The only thing that keeps me awake at night is “not breathing.” Since birth I spent most of my first year of life in the hospital due to breathing problems. My first several years of life were spent in a medicated room to keep my lungs from pneumonia and bronchitis. Inhalers had not yet been invented and I survived by maintaining dust-free, carpet-free, bedroom and sulfa-drugs.
I, eventually, could identify “triggers” or “colds” that could escalate into bronchitis, such as cats and chlorinated pools. My foray into competitive swimming was brief, since all practice and competitions were held in chlorinated pools (go figure that nobody races in lakes, or rivers—I can swim safely in lakes and rivers, apparently fish-poo doesn’t bother my lungs).
As long as I breath, I sleep soundly and deeply. I grew up in a bedroom next to a trucking company and huge cargo trucks drove under my bedroom’s open casement windows. I never heard them. I, somehow, incorporate the noises into my dreams. The only thing that apparently annoyed my family, and now me as an older person, is that I cannot sleep past 5 a.m. in the morning—that was another reason I got my own room—nobody wants to be around my “chipper-happy” self at 5 a.m.
My dream-life uproariously humorous and fun. I like the people in my dreams, they are likable, and the beauty of them is that THEY LIKE ME! We have fun. Humor seems to be the theme, so I thoroughly enjoy going to bed and going right to sleep. None of them are real people in my life—I don’t dream of family members or friends. These are all strangers who I meet in dreams and we have a great time.
The serious problem about sleeping so soundly only surfaced when I moved into an apartment that had two of the bedroom walls as “casement windows.” One night a thief “axed down the door” under my bedroom while the windows were fully open. The police, kept repeatedly questioned me how I could possibly NOT KNOW someone was chopping down the door right under my windows. I couldn’t explain it.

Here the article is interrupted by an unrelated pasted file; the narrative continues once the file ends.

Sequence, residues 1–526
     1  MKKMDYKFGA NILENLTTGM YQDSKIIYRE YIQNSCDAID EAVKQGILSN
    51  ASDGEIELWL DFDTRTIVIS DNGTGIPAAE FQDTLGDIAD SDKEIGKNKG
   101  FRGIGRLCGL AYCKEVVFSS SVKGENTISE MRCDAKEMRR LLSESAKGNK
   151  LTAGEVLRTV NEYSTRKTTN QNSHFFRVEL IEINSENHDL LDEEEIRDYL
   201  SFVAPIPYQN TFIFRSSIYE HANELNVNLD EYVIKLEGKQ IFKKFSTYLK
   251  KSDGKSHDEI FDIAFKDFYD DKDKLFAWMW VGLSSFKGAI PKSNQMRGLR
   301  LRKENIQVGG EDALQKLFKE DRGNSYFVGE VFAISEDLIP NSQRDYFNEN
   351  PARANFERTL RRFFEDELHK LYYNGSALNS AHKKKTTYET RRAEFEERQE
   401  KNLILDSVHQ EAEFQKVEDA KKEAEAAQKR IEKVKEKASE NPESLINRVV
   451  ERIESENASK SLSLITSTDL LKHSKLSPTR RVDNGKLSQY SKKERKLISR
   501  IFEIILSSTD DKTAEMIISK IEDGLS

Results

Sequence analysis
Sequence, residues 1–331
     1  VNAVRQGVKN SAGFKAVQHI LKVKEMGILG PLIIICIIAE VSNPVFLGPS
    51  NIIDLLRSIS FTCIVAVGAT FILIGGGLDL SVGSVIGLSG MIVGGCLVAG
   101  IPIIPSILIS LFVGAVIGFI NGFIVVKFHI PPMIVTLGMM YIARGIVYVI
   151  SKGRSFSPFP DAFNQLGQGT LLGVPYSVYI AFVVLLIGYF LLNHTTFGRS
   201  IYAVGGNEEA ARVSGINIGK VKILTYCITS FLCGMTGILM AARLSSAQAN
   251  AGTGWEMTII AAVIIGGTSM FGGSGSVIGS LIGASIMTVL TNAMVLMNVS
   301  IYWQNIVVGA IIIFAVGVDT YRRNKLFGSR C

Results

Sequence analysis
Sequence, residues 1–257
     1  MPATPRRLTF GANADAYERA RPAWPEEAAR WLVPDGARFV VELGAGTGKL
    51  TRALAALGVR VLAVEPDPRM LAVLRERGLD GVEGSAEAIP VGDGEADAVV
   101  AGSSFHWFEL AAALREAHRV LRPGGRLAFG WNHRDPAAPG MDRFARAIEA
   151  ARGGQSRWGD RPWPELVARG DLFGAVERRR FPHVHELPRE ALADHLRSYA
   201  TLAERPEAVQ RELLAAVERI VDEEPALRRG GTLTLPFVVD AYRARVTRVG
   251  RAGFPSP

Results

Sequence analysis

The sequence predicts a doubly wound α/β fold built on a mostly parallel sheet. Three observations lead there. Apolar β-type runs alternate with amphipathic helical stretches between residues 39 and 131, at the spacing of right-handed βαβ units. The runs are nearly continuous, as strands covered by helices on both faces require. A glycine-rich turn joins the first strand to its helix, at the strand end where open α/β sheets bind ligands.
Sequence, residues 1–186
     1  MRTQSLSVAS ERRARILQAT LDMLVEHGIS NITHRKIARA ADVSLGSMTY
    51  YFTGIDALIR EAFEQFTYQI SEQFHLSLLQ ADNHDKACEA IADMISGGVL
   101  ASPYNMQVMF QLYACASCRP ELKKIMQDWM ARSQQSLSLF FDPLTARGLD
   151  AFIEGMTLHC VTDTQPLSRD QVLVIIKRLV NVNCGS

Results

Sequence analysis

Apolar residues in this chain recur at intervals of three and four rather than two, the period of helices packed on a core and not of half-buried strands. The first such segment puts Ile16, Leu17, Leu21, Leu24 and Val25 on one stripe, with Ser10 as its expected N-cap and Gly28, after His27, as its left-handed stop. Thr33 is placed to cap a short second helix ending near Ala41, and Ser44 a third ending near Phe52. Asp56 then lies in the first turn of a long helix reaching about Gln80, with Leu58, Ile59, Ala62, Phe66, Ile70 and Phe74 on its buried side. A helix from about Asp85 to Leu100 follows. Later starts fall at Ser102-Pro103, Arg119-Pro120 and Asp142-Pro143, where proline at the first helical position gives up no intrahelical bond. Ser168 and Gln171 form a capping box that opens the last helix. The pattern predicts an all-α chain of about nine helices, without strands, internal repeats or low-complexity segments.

That same apartment building housed older persons who occasionally “left things on the stove longer than they should have.” I have the same cooking skills—the whole neighborhoods I have lived in will comment they “heard I was cooking.” My older neighbors and I have the same problem of perhaps not remembering we put dinner on the stove—boiling eggs, at least, give a warning by giving off a particular odor before they actually EXPLODE all over the kitchen.
I can say with confidence and certainty that apartment building gave me healthy attitude about “material belongings.” I never knew when I would come home and find the fire company hosing down the building. Whenever I was out with my friends and heard the fire company whistles blow, I would ask my friends if they would mind a “drive-by” my apartment, just to see…. Likewise, whenever I went on vacation (I went to Europe two or three times a year) I would have a talk with myself about how to react if “the fire company didn’t get to the building in time” and all my stuff had gone “POOOFFFF-GONE.” The up-tick to that time of life is that I won’t go berserk if I lose all my belongings—my only concern is my pets, and the plan is we all get thrown out the window, the parrots can fly, and the dogs and I can go onto a porch roof.
Here’s the reason for the dogs. As I said, I don’t hear things when I sleep, including “smoke alarms” or fire company whistles, or fire trucks horns. People who come to visit me, and stay over night will grill me how I could sleep with the fire company sounding all night long. I just don’t hear the noise—I’m in my happy-dream-place with my friends and my breathing machine (oh…I forgot to tell you doctors tell me NEVER-EVER sleep without my breathing machine—I could die. The machine doesn’t make white noise, it just keeps me breathing—apparently I forget to breath when I’m in my happy-sleep-mode—with my friends, who like me, and we have fun).
Ok, the reason I have dogs, knowing that nothing wakes me up, including fire alarms, is that SOMEONE has to alert me that the house/ building near by is burning down or someone is axing down the doors. Dogs, or at least all my dogs, learned that the only way to wake me up is to body slam me. All of them learn quickly that gentle tapping, or staring intently at me only works after 5 a.m. when I am feigning sleep so I don’t have to get out of bed to take them out. All my dogs, (except for gentle Scarlette Sky, who’s my cavalier king Charles—she can sleep 22 hours a day, and night) learned how to body slam me totally off the bed to get my attention. So I feel confident that if there is an emergency, like someone chopping down a door, or fire alarms going off in the house my dogs will get me out of bed and awake—they are very smart and light sleeping, alert dogs.
I did’t think I could use “this week’s prompt” to write anything about what keeps me up at night, but alas, I’m reinventing myself as writer, and I had lots of stuff to write about.